In Atlanta, sometimes it’s hard to tell if we’re early or late to consumer trends, especially when it comes to booze. Honestly, anyone who here in Georgia before 2004 that was looking for a craft beer or a grocery store that sold beer, wine or liquor on Sunday can tell you we tend to run a little behind.
That said, we’re catching up quickly, at least when it comes to canned cocktails. Canned, or “RTD” (ready-to-drink) adult beverages are on the rise, even with lots of folks spending more time at home.
Maybe the absence of music festivals kept you from noticing the trend. After all, one of Atlanta’s biggest canned cocktail brands was launched by two natives who saw the possibilities through their own involvement in two of the most well-known live music events in America.
Neal Cohen is co-founder of Tip Top Proper Cocktails, which he launched in summer 2018 with childhood friend and business partner Yoni Reisman, both of whom attended Greenfield Hebrew Academy in the Atlanta suburb of Sandy Springs.
The lifelong music fest fans also attended the first Bonnaroo together, after finishing high school. Cohen says it was that 2002 festival that made them realize putting on those kinds of shows was what they wanted to do with their lives.
Reisman ended up co-founding the Governors Ball Music Festival in New York, while Cohen went on to work as marketing director for Superfly, the company that puts on Bonnaroo.
Both of them were noticing a trend in terms of concessions: Folks could not get a really good drink at a music fest.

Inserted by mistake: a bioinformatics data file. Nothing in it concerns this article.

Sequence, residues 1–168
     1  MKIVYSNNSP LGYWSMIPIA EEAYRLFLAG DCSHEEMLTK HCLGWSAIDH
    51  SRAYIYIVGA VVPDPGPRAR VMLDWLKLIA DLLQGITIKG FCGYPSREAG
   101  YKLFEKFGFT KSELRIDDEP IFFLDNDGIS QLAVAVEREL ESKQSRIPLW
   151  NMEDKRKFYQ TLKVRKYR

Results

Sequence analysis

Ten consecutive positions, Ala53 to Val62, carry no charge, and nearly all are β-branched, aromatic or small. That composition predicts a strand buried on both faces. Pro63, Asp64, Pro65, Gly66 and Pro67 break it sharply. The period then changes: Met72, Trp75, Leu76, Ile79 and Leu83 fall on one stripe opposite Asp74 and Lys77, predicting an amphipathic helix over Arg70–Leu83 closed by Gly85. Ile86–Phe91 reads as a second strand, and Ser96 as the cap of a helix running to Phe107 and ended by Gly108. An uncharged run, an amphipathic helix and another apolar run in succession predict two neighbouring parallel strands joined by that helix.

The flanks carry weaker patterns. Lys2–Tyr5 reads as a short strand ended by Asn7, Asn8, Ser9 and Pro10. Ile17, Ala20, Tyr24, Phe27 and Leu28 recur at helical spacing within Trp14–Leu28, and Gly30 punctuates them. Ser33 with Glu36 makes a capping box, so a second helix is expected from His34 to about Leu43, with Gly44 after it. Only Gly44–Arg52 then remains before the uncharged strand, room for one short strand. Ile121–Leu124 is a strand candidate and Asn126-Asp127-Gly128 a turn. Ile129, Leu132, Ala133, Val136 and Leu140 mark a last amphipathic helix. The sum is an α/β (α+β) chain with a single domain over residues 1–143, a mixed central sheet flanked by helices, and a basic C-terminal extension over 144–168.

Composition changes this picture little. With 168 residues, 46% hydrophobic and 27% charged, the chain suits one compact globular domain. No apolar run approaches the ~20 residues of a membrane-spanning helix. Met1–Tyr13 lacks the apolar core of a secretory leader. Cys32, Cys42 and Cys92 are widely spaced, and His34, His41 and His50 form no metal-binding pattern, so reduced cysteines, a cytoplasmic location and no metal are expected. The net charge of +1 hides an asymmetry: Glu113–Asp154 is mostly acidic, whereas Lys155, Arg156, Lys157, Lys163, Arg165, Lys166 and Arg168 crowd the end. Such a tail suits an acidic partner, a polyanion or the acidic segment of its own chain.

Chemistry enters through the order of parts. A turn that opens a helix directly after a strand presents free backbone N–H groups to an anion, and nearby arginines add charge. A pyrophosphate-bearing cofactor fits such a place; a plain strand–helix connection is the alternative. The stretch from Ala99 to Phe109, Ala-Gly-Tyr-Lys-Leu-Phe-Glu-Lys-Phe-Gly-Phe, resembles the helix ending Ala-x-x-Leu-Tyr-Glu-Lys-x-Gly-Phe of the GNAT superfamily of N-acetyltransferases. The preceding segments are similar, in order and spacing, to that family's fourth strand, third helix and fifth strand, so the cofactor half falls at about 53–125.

“People want a good cocktail,” Cohen said in a telephone interview with The Churn, “and high volume spaces like music festivals do not allow for careful preparation, whether that’s speed, efficiency, or training of staff.
“We looked at the cocktail space and said, ‘You know, there’s a lot of shit coming out, but if you were just looking for an honest, straightforward version of the cocktail you love at the bar, you’d be hard-pressed to find a good offering.”
Tip Top differentiates itself by being based on the classics, such as the old fashioned, the Manhattan, and the negroni, according to Cohen. “We chose cocktails that had always been in demand, repackaged them, and made them on-demand,” he says.
“It doesn’t take a lot of market research to know that the old fashioned Manhattan, and negroni are popular drinks that people want. It’s pretty easy to deduce from that, ‘Hey, let’s build a brand that promises that familiarity in a consistent and convenient fashion.’”
Andrew Rodbell is the co-founder of Post Meridiem Spirits, another ATL-based RTD cocktail brand. A third-generation Atlantan, with an MBA from Emory and career experiences that include Turner and Coca-Cola, Rodbell says one of the largest challenges to the growing industry sector is convincing consumers that something delicious and authentic can come from can, but once consumers get it, they get it.
“Historically, the canned cocktail category has been filled with engineered, artificial and poorly proportioned drinks that frankly tasted bad. That’s why we’re so excited to disrupt this category by using real ingredients in the right proportions.”
Like Tip Top, Post Meridiem comes in 100mL cans, which helps both Atlanta brands secure coveted display space in liquor store shelves. Their smaller size makes them ideal for POS (point-of-sale) designation, making them impulse buys.
And since launching in Atlanta in May 2019 they’ve been flying off shelves, according to Robdell. “We were fortunate to have immediate success locally and are excited to have expanded to South Carolina, Alabama and Tennessee, with future expansion throughout the Southeast in the works.
“We are thrilled the ready-to-drink category is growing at such a rapid pace,” he continues. “We are even more thrilled to be truly differentiated in this skyrocketing category by using real ingredients.”